To say the Bank of Japan (BOJ) brought out the bazooka when it began to implement its massive stimulus program is an understatement. This boost is being felt around Asia and should provide a buffer against the U.S. Federal Reserve's (Fed) impending end to quantitative easing and its monetary tightening.
Inflation is not anywhere near the BOJ target so we expect the bank to keep policy ultra-loose for some time. This means the region and Pacific Rim should benefit from Japan's capital. In April 2013, the BOJ undertook a massive and extremely aggressive easing program to jolt their economy out of two decades of deflation and stagnant growth. They have been injecting $60 to $80 billion a month into their financial system by purchasing Japanese Government Bonds (JGB). As the U.S. now goes in the opposite direction, the availability of cheap capital from Japan will become even more important.
The Fed has been scaling back its asset purchases over the last year and is now only making $35 billion a month in debt and mortgage-backed purchases. This is down from its peak of $85 billion per month. They expect to end its QE this year by October and raise interest rates, possibly by second quarter of 2015. This is increasing concerns there will be a liquidity drought throughout the Asian region where the Fed's aggressive easing has made the dollar easily available for funding. This, in turn, has caused liquidity outflows from overseas investors.
Thankfully, many Asian countries have shored up their defenses over the last several fiscal quarters. They have been rebuilding their Forex reserves and implementing cautious monetary policy when they could. The liquidity the BOJ will provide will be another buffer to help ease against the next step of the Fed's monetary tightening. Japan's story is positive for the region, and do not expect them to tighten for the next two years. This is Asia's new source of liquidity.
We are seeing evidence of spending spill over in the region. Japan's commercial bank lending to Asia is now at an all-time high. It is up from $364 billion, seen in 2012, to its current record of $450 billion. This comes on the heels of regional banks looking to overseas sources for better returns. Japan's banks have an excess of cash and are becoming more active around Asia. We are see a particular pickup in ASEAN. Since rates are higher in their financial markets, they are looking for cheap cash elsewhere and this arbitrage works very well for lenders. Thanks to the BOJ excess reserves ballooning to roughly twelve percent of their assets, cash is cheap there. This ratio is forecasted to touch near 16 percent by the end of this year. We have also seen Japan's foreign direct investment into regional economies has been increasing steadily. This outward investment is now at a record high of $38.7 billion. Their share of direct investment stock now equals the U.S. holdings and well exceeds the European Union.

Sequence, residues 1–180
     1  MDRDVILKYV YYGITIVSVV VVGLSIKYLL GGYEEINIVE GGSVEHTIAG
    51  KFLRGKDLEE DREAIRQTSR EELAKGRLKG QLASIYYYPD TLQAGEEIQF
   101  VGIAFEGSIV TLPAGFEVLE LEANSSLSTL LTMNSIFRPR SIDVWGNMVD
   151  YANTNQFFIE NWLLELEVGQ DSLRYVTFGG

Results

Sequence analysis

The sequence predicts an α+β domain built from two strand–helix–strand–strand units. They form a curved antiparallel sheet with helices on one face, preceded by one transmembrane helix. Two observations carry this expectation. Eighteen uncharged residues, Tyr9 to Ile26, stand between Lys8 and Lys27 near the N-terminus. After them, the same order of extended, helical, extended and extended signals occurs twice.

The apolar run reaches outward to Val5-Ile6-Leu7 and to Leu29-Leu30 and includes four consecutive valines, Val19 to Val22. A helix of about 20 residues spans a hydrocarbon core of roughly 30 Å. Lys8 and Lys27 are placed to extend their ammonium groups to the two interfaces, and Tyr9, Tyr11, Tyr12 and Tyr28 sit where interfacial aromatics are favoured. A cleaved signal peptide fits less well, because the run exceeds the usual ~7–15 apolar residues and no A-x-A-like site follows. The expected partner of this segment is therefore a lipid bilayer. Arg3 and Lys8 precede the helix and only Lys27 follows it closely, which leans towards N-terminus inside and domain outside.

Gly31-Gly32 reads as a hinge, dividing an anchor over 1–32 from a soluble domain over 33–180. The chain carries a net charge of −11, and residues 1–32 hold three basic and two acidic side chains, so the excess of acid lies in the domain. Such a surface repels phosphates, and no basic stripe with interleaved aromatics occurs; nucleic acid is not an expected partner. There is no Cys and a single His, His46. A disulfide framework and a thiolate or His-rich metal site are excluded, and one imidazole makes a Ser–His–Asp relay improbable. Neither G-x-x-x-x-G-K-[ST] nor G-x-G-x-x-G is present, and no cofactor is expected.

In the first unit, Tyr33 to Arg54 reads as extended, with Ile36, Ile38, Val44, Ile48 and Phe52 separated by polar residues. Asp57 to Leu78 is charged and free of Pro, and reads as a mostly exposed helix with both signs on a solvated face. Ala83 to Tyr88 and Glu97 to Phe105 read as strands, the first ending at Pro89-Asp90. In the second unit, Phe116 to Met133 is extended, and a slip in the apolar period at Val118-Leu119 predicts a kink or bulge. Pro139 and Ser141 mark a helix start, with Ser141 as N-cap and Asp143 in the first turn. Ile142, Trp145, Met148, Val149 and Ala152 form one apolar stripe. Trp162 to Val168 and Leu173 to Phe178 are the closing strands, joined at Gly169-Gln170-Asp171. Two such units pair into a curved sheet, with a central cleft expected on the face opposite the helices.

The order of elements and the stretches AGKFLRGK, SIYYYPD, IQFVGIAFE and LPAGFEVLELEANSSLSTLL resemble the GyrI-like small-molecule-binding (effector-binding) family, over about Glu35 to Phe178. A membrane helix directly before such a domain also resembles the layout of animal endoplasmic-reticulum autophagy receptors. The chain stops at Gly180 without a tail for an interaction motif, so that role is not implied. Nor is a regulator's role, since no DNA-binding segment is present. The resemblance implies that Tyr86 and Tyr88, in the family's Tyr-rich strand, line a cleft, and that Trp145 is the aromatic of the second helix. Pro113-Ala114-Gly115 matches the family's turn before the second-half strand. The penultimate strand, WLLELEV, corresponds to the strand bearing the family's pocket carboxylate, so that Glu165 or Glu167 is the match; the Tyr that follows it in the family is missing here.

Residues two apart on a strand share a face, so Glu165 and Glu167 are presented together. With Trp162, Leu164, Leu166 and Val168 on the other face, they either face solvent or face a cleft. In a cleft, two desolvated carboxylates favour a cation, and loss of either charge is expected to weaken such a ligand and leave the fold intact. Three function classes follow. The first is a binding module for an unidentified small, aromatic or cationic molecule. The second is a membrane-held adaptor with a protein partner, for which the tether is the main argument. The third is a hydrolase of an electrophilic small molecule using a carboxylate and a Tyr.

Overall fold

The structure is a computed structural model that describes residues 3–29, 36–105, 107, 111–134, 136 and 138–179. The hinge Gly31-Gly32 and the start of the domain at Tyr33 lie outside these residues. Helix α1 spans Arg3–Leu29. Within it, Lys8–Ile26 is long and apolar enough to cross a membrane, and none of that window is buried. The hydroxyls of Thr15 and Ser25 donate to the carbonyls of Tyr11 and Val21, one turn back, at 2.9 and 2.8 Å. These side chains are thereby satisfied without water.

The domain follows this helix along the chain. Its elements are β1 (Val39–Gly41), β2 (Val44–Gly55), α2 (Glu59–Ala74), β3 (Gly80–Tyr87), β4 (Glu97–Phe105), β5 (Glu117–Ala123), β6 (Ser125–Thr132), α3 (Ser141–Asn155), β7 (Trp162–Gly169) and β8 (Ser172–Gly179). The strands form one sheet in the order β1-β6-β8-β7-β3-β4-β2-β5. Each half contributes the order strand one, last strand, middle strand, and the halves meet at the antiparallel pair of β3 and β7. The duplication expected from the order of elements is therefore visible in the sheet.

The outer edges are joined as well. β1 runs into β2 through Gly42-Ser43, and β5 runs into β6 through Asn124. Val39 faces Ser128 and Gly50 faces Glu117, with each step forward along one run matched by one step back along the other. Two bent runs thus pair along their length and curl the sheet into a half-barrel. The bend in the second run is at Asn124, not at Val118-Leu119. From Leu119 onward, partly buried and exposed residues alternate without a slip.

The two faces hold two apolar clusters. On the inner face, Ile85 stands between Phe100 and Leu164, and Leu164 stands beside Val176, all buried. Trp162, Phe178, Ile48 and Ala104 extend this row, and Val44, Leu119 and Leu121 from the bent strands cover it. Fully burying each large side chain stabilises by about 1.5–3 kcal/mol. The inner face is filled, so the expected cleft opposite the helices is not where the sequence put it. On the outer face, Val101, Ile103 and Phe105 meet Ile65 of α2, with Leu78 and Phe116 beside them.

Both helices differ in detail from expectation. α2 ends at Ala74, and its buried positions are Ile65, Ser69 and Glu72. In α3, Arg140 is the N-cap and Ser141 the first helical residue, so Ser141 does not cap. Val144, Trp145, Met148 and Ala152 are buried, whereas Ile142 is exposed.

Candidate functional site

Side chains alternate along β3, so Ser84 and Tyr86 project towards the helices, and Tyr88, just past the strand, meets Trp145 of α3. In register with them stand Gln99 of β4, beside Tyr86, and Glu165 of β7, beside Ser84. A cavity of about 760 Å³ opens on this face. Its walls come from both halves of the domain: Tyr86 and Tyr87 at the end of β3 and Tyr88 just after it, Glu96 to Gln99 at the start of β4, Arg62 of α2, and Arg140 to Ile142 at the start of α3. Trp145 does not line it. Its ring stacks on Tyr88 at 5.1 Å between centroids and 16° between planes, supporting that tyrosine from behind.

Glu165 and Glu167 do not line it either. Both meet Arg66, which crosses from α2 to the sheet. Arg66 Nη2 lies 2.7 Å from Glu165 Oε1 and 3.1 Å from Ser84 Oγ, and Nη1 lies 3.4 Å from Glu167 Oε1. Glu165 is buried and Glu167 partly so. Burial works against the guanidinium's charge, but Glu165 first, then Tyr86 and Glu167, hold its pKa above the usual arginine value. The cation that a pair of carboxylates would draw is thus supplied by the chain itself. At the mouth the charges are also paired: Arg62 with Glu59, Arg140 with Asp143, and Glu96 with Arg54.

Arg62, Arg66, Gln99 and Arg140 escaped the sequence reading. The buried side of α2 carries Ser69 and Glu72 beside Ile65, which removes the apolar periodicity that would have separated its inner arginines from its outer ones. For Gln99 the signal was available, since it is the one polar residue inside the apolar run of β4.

In the region, according to the BOJ, the manufacturing sector has received the most of Japan's direct investments. Now, we are seeing non-manufacturing investment pick up. Countries like India, Indonesia and Vietnam are seeing an increase of capital (Foreign Direct Investment) inflows from Japan
This means Japanese companies are increasing their presence in the service sector as well. It is no longer limited to the manufacturing industry. Firms no longer just view Asia as a production-based environment but as a growing consumer market as well.
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